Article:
Newsday: Dr. Bogner on reverse commuting
Long Island has enormous potential for job growth if we rethink how the Island relates to the talent employers require. Some of those talented people are already here, as my fellow area college presidents and I well know. Others will inevitably have to be attracted here, and the convenience of public transportation is key -- especially links between Long Island and New York City.
Traditionally, those links went primarily one way, as Long Islanders commuted to the city to make their money and brought it back home. The employers were typically there, not here.
That trend is changing. Long Island has developed and expanded its own centers of innovation, to the point where we now have an extraordinary array of research laboratories, institutions of higher education, health care systems and technology companies that attract commuters from New York City and beyond.
We're no longer a bedroom community; we're a vital component of a metropolitan area.
So we must ensure that people can, whatever time of day, travel from New York City to Long Island just as easily as they can go from Long Island to New York City -- and that they can travel easily across the Island as well.
Reverse commuting is crucial to Long Island's economic growth. It gives our employers access to the employees they need in order to thrive and grow. It's what's driving job growth in White Plains and Stamford, Conn. -- through reverse commuting on Metro-North Railroad -- and making those communities more attractive to employers than communities on Long Island.
It also gives employees the flexibility they require. Many of Molloy College's faculty members, for instance, want the convenience of public transit. While some want to live on Long Island, others are attracted to the city and want to commute. Some have spouses with careers in the city. They want the choices and flexibility that public transit provides.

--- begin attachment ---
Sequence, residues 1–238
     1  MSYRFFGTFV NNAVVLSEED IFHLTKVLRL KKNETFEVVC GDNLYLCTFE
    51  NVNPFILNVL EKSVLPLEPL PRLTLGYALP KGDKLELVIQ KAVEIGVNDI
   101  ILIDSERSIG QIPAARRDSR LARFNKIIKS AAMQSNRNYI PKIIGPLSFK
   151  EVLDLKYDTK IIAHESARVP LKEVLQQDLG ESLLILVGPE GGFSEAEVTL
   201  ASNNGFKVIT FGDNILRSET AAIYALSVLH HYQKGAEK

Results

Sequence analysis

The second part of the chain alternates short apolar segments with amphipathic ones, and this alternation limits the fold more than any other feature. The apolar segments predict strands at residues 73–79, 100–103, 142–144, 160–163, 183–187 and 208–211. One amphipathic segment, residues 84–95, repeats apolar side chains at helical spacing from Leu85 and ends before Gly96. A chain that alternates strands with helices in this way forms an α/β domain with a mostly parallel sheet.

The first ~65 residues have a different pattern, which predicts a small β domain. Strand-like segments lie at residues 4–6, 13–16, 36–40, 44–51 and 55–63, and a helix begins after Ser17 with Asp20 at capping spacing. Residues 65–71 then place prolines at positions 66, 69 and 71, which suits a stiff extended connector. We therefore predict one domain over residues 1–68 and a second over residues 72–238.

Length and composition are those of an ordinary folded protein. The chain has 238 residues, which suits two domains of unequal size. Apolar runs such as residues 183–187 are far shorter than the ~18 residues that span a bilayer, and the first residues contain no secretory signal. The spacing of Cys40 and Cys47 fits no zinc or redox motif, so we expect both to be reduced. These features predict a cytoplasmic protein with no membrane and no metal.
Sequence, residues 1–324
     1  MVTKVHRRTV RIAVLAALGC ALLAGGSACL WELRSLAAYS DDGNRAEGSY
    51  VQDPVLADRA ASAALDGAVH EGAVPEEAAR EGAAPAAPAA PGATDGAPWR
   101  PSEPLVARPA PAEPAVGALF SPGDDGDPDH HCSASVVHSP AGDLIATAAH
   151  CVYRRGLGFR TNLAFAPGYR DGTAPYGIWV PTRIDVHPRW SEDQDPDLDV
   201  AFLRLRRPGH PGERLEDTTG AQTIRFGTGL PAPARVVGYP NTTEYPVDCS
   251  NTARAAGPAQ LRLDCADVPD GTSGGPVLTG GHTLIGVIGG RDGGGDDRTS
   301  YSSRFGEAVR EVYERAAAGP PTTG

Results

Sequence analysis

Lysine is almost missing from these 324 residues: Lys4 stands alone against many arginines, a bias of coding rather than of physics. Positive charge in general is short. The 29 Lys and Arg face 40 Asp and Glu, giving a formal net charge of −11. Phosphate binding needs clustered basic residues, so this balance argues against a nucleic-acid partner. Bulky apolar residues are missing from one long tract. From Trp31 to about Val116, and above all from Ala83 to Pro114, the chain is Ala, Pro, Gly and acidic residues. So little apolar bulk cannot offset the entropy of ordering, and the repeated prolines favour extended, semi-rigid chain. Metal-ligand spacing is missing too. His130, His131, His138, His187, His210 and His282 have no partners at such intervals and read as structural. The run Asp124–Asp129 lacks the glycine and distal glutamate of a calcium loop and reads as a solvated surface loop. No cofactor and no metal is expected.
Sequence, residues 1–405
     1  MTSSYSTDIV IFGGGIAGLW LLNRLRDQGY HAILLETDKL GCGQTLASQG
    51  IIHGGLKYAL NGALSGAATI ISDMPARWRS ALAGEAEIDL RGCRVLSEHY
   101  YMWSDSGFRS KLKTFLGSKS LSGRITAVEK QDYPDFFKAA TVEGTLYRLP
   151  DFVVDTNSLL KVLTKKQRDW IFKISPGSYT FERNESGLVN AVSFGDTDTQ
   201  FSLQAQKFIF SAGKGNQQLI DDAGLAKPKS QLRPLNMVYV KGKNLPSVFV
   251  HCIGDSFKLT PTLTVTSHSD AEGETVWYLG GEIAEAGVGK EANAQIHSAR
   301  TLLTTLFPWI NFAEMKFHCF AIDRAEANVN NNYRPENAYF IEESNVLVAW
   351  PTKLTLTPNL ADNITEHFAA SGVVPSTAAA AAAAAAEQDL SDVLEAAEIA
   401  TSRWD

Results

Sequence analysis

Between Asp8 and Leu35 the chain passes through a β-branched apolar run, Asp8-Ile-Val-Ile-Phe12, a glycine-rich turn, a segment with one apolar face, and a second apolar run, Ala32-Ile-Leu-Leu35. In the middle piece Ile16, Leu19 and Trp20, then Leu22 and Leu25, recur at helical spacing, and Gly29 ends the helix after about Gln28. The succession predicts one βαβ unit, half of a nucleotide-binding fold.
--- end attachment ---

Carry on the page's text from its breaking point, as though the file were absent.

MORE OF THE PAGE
Recent college graduates embarking on their careers also want the convenience and access of reverse commuting. Our recent graduates are looking for walkable environments with restaurants, shops and entertainment to live in, and they want easy access to public transportation between their jobs and homes. They want to be on their computers and iPhones when they're commuting, not stuck behind a wheel.
Long Island's future depends on more efficiently linking our extraordinary institutions and the talent needed for these resources to expand and create jobs. A blueprint for this public discussion already exists in the 2013 Long Island Index, published by the Rauch Foundation.
Titled "How the Long Island Rail Road Could Shape the Next Economy," it highlights three major developments that can provide the linkages we need: East Side Access to Grand Central Terminal, which is well under way and scheduled for completion in 2019; a "second track" from Farmingdale to Ronkonkoma, which could be completed by 2018 and significantly enhance one of the railroad's most overcrowded lines; and the long-debated "third Track" -- better called the "fast track" -- on the LIRR Main Line, which would improve service and better provide for reverse commuting.
We can't lose sight of the importance of this third element, even as we focus on completing the first two.
Long Island is impressively positioned for future growth. We have world-class institutions, a lifestyle that's widely admired, and proximity to the greatest city in the world. But we need to take full advantage of that proximity by maximizing the potential of public transit to generate job growth on Long Island and better connect Long Island to our thriving metropolitan region. Enhancing the Long Island Rail Road is a crucial element in achieving what is a very bright future for Long Island indeed.